pete75
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Re: When do two wrongs make a right?

Postby pete75 » 9 Feb 2017, 1:52pm

[quote="pwa" So if a member of my family was a victim of violence and the law failed to deal with a perpetrator, and I knew who it was, I would deal with it myself without any feelings of guilt. Only after the law had failed. To some that would be committing another "wrong", but not to me.

[/quote]

And then a relative of theirs decides to deal with you and after that one of your relatives decides to deal with him and so it goes on......

brynpoeth
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Re: When do two wrongs make a right?

Postby brynpoeth » 10 Jan 2018, 8:27pm

pete75 wrote:[quote="pwa" So if a member of my family was a victim of violence and the law failed to deal with a perpetrator, and I knew who it was, I would deal with it myself without any feelings of guilt. Only after the law had failed. To some that would be committing another "wrong", but not to me.



And then a relative of theirs decides to deal with you and after that one of your relatives decides to deal with him and so it goes on......[/quote]

Jesus was right!
Violence is never the answer
Cycling? Of course, but it is far better on a Gillott.. Alternative facts welcome

pwa
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Re: When do two wrongs make a right?

Postby pwa » 10 Jan 2018, 9:33pm

brynpoeth wrote:
pete75 wrote:[quote="pwa" So if a member of my family was a victim of violence and the law failed to deal with a perpetrator, and I knew who it was, I would deal with it myself without any feelings of guilt. Only after the law had failed. To some that would be committing another "wrong", but not to me.



And then a relative of theirs decides to deal with you and after that one of your relatives decides to deal with him and so it goes on......


When you see the law failing to deal with a gross injustice, you can choose between walking away or seeking justice by alternative means. The latter is not great, but to just walk away if you know somebody is getting away with harming someone you care about...? Each must make up their own mind in that situation, and if turning the other cheek seems best, fine.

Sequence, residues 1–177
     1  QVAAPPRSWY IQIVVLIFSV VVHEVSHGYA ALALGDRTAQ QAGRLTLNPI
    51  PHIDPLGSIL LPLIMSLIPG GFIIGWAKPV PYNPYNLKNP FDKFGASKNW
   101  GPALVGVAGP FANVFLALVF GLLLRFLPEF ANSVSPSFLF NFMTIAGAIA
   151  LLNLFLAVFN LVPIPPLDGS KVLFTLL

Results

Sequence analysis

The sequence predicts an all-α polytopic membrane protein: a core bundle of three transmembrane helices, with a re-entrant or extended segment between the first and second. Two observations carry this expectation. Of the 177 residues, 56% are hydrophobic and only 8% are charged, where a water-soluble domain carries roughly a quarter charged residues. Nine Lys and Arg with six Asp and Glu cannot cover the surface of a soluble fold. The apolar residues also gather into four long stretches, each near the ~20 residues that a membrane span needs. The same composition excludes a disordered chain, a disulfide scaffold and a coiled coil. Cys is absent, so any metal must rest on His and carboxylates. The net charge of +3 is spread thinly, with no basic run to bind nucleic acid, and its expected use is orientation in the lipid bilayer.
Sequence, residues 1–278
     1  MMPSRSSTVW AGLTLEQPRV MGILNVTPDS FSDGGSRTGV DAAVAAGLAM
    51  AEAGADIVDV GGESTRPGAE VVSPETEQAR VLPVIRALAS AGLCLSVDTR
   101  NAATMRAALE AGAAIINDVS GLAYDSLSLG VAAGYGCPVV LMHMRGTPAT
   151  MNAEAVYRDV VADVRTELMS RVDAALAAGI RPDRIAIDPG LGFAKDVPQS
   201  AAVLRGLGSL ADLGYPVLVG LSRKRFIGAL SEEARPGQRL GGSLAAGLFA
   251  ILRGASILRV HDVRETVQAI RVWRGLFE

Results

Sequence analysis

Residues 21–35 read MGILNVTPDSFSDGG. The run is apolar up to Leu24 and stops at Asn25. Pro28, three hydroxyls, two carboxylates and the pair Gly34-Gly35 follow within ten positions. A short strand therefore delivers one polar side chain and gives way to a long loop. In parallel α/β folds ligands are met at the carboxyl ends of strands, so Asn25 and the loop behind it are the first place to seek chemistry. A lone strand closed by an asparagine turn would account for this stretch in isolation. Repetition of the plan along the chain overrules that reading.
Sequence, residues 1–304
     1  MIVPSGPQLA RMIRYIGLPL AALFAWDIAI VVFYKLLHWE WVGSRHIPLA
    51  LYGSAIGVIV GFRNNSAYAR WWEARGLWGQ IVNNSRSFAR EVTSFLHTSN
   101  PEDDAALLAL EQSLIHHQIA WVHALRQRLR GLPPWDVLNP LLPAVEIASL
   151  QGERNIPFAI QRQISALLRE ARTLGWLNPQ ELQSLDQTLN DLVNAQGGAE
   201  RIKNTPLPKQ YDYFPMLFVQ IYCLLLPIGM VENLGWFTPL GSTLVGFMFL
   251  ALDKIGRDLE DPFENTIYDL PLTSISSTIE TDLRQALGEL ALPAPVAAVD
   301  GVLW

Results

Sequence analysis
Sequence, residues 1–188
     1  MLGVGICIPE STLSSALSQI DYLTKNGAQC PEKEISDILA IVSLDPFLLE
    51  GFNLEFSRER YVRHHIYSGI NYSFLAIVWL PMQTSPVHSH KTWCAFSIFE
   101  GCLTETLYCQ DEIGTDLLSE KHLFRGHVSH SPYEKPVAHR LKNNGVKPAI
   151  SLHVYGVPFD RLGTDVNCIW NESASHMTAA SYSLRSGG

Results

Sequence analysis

But justice and the law are not the same thing. The law is supposed to be a tool to give us justice, but it can fail. Justice is higher than the law. For me it takes priority over the law. I hope I never find myself in a situation where I have to choose, because I really think justice is best dispensed by the law and society works best when that is happening. But in an extreme situation that I'm not likely to face, I would be willing to contemplate taking illegal action to remedy an injustice the law has failed with. I'm not violent, I've never hurt anyone, so actually harming another human would not come easy to me.

(Didn't think this thread would be dug up again :)

pete75
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Re: When do two wrongs make a right?

Postby pete75 » 11 Jan 2018, 1:49am

pwa wrote:
brynpoeth wrote:
pete75 wrote:[quote="pwa" So if a member of my family was a victim of violence and the law failed to deal with a perpetrator, and I knew who it was, I would deal with it myself without any feelings of guilt. Only after the law had failed. To some that would be committing another "wrong", but not to me.



And then a relative of theirs decides to deal with you and after that one of your relatives decides to deal with him and so it goes on......


When you see the law failing to deal with a gross injustice, you can choose between walking away or seeking justice by alternative means. The latter is not great, but to just walk away if you know somebody is getting away with harming someone you care about...? Each must make up their own mind in that situation, and if turning the other cheek seems best, fine.

But justice and the law are not the same thing. The law is supposed to be a tool to give us justice, but it can fail. Justice is higher than the law. For me it takes priority over the law. I hope I never find myself in a situation where I have to choose, because I really think justice is best dispensed by the law and society works best when that is happening. But in an extreme situation that I'm not likely to face, I would be willing to contemplate taking illegal action to remedy an injustice the law has failed with. I'm not violent, I've never hurt anyone, so actually harming another human would not come easy to me.

(Didn't think this thread would be dug up again :)


What you're talking about is personal revenge.

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Re: When do two wrongs make a right?

Postby Username » 11 Jan 2018, 6:42am

2 wrongs dont make a right, they cancel each other out.

pwa
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Re: When do two wrongs make a right?

Postby pwa » 12 Jan 2018, 8:36am

pete75 wrote:
pwa wrote:
brynpoeth wrote:
And then a relative of theirs decides to deal with you and after that one of your relatives decides to deal with him and so it goes on......


When you see the law failing to deal with a gross injustice, you can choose between walking away or seeking justice by alternative means. The latter is not great, but to just walk away if you know somebody is getting away with harming someone you care about...? Each must make up their own mind in that situation, and if turning the other cheek seems best, fine.